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4.3.4 Asynchronous Signals

You can not call libguile functions from handlers for POSIX signals, but you can register Scheme handlers for POSIX signals such as SIGINT. These handlers do not run during the actual signal delivery. Instead, they are run when the program (more precisely, the thread that the handler has been registered for) reaches the next safe point.

The libguile functions themselves have many such safe points. Consequently, you must be prepared for arbitrary actions anytime you call a libguile function. For example, even scm_cons can contain a safe point and when a signal handler is pending for your thread, calling scm_cons will run this handler and anything might happen, including a non-local exit although scm_cons would not ordinarily do such a thing on its own.

If you do not want to allow the running of asynchronous signal handlers, you can block them temporarily with scm_dynwind_block_asyncs, for example. See See System asyncs.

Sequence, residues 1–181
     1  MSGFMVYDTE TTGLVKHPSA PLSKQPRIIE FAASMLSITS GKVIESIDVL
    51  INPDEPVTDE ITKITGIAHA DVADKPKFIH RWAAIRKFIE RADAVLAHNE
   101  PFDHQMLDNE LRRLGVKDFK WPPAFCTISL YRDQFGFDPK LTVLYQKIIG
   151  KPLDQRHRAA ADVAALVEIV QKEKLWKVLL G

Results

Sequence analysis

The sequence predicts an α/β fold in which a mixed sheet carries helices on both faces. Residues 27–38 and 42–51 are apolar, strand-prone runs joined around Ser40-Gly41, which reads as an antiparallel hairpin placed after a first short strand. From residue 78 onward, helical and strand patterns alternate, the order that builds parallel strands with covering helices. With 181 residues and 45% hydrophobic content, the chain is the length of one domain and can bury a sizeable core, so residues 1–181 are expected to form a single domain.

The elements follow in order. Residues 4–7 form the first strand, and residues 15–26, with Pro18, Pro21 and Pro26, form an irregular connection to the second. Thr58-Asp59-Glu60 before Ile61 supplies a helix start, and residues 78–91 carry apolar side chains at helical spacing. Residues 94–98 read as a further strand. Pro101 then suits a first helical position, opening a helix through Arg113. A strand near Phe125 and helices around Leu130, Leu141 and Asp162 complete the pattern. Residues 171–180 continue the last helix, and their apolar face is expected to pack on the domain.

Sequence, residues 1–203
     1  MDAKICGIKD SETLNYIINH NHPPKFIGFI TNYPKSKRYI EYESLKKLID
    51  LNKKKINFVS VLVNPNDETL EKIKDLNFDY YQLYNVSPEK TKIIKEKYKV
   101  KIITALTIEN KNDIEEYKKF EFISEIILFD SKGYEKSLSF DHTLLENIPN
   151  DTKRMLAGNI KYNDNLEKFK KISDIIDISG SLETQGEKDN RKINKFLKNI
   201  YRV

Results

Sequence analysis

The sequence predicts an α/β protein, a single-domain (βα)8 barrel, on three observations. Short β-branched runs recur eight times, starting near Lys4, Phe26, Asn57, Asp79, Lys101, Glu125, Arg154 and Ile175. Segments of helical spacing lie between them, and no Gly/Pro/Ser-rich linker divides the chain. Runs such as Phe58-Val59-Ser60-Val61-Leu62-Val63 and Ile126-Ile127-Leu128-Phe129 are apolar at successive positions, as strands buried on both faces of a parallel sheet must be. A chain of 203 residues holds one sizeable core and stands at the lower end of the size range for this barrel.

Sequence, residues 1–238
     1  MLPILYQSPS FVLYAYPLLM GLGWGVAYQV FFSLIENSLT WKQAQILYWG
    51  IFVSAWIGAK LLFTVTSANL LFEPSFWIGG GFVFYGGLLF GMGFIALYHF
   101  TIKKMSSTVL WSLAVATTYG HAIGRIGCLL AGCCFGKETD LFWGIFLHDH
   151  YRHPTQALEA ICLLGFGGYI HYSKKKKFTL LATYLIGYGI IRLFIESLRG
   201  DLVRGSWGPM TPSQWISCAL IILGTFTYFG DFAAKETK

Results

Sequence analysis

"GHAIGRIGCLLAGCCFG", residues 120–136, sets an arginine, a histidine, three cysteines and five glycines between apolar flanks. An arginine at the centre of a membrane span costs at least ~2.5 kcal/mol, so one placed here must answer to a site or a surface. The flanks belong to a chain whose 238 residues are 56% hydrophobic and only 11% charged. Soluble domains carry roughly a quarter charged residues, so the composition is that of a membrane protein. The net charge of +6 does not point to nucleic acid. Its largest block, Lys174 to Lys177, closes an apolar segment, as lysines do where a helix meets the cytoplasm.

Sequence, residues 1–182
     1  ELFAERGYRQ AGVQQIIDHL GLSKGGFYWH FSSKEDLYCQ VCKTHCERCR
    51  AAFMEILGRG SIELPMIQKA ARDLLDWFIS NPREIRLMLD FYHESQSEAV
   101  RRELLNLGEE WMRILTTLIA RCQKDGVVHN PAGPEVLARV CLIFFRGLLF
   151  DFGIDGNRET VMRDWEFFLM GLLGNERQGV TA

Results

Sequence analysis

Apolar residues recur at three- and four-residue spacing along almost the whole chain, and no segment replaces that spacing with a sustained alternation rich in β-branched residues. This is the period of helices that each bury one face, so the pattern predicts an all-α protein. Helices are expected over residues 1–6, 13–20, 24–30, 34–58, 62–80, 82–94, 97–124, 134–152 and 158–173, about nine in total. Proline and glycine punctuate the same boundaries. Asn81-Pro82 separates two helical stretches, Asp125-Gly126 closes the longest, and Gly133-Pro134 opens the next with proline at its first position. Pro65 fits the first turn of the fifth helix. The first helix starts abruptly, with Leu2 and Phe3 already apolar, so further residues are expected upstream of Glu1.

Since signal handling in Guile relies on safe points, you need to make sure that your functions do offer enough of them. Normally, calling libguile functions in the normal course of action is all that is needed. But when a thread might spent a long time in a code section that calls no libguile function, it is good to include explicit safe points. This can allow the user to interrupt your code with <C-c>, for example.

You can do this with the macro SCM_TICK. This macro is syntactically a statement. That is, you could use it like this:

     while (1)
         do_some_work ();

Frequent execution of a safe point is even more important in multi threaded programs, See Multi-Threading.